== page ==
Haraszti campaigning for his political celebration, 1989 (Photograph: Edward Serotta)

After democracy got here to Hungary, various individuals thought Konrád ought to develop into the nation’s president, however as an alternative, Konrád accepted the presidency of the world PEN Club between 1990 and 1993; three years later he and Judit and their youngsters (there was now a daughter) moved to Berlin, where Gyuri served as the top of the distinguished Academy of Art—the first foreigner to carry the publish.

All of the whereas, his earlier novels have been revealed at house and he appeared on tv and on radio commonly. He additionally produced enough nonfiction to fill volumes of collected essays in a number of languages, all while accolades and awards piled up at his door all through the 1990s and early 2000s.

Once Hungarians might learn Konrád’s banned novels, and as they discovered a broader audience abroad, readers found the unexpurgated version of his experimental second novel, The City Builder, which was adopted in 1982 (in English) by The Loser, his longest novel but at some 316 pages.

The setting came to Konrád when he was unemployable and had taken a job in a mental institute. In The Loser, his protagonist, locked in an asylum, seems to be backward to his Orthodox Jewish grandparents in rural Hungary, his spendthrift, womanizing father, his personal escape from the Nazis and becoming a member of the Communist regime earlier than going towards it within the 1956 rebellion. Kirkus Assessment referred to as it “tremendously ugly” however “grimly memorable,” whereas Richard Sennett in The New York Occasions referred to as Konrád “the Proust of disillusion.”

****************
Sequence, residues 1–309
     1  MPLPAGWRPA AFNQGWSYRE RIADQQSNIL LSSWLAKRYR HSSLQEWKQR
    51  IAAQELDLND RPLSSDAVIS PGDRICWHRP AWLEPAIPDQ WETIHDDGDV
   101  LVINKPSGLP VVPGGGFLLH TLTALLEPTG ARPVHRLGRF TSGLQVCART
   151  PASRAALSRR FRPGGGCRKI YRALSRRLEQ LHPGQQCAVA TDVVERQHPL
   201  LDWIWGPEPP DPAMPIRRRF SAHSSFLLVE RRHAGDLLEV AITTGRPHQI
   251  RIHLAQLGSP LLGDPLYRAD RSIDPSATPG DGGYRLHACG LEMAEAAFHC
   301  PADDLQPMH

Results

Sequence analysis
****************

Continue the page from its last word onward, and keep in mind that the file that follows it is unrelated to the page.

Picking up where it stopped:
Konrád went on to put in writing two well-received novels that have been less experimental. A Feast in the Garden was his most autobiographical and was revealed in 1989; nine years later got here Stone Dial. In each novels his characters take us to Budapest and Konrád’s hometown, which he calls Újfalu, and it appears each time Konrád’s typewriter met the reminiscence of his childhood, he was at his most adorable. However it was a childhood that turned to horror.

In both A Feast in the Garden and in his memoir, A Visitor in My Own Nation, (revealed in English in 2007), Konrád wrote that when the Germans occupied Hungary in April 1944, his wealthy mother and father have been arrested and sent to a labor camp in Austria—but not as Jews—as conflict profiteers, as an area baker had knowledgeable on them. It saved their lives. Gyuri was 11 years previous, and simply in case, his mother and father informed him where they buried their documents and some cash, and his mother had—once more, simply in case—sewed gold coins into his and his sister’s garments.

Together with his mother and father now gone, Gyuri took the documents and money to the local police chief, acquired the stamps of their documents they would wish to travel, and left together with his youthful sister by practice for Budapest.

The very next day, the Jews of his village, Beretttyóújfalu by identify, have been rounded up and despatched to Auschwitz. Virtually none returned, and the Konráds can be the only intact Jewish family on the town.